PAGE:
This is a book review of The Challenger Sale written by Dixon and Adamson in 2011. The Challenger Sell evokes reactions and disturbs conventional thinking.  The authors want to encourage organizations, groups and sales people to ‘push the customer’s thinking and teach them something new.’ [1] It is not surprising therefore, that the reader is given a ‘challenge’ to think about how you behave during the customer conversation.

Even the introduction by Neil Rackham stirs up controversy with the assertion that “How you sell has become more important than what you sell. An effective sales force is a more sustainable competitive advantage than a great product stream.” [2]

Are You a Disturbing Force?

Many believe “You are only as good as the product you sell.”  In some of my groups, I found a lot of analysts, sales managers and leaders disagree with some points the The Challenger Sale makes. However, that may be exactly what the authors want! By disturbing conventional thought, readers may say “I never thought of that” or “I wonder if that’s true?” This pattern of disturbance is a theme in the book; leading the reader to consider a different way of thinking.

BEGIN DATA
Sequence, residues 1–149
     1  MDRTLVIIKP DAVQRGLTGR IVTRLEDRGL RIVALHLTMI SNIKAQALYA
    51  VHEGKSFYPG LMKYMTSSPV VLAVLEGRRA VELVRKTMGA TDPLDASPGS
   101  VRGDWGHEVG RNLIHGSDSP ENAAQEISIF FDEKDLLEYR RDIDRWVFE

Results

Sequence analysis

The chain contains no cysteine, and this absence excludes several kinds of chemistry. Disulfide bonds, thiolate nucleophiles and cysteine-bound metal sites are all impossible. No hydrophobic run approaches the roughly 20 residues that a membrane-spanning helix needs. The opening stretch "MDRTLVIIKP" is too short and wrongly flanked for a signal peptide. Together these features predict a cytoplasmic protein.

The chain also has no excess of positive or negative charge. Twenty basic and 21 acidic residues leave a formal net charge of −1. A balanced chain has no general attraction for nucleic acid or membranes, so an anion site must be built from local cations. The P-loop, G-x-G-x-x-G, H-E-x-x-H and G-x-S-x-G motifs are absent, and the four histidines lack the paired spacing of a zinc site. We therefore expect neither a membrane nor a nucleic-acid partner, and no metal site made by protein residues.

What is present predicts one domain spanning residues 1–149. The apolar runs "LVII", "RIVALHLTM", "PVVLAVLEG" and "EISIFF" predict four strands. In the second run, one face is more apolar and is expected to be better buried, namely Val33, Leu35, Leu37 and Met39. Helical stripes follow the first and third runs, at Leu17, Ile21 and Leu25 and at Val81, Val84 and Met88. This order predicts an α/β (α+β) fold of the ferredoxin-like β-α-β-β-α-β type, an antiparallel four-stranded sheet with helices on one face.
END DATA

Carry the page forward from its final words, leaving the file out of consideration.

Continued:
The book is a mixture of process, strategy and perspective. The authors defy the notion that sales is all about relationships.  Three behaviors that sales people can adopt to improve are: Teaching, Tailoring and Taking Control[3] There are many positive aspects to these actions. Teaching helps customers learn, think and feel in new ways. Tailoring is adjusting the message to the audience. I love the phrase “solution selling is customization in the moment.” [4] Taking Control (another deliciously disturbing idea) is inserted to get sales people to maintain momentum across the entire sales process.

The best way to summarize is to confess that I have bought two copies of The Sales Challenger. It makes me slightly upset, causes me to rethink long held views and well, challenges me! If youwould like to read it, then go buy it by clicking on this link

[1] The Challenger Sale. Dixon and Adamson. 2011. Penguin. P. 21

[2] Neil Rackham. Introduction. P XVI

[3] The Challenger Sale. Dixon and Adamson. 2011. Penguin P33

[4] The Challenger Sale. Dixon and Adamson. 2011. Penguin P. 78


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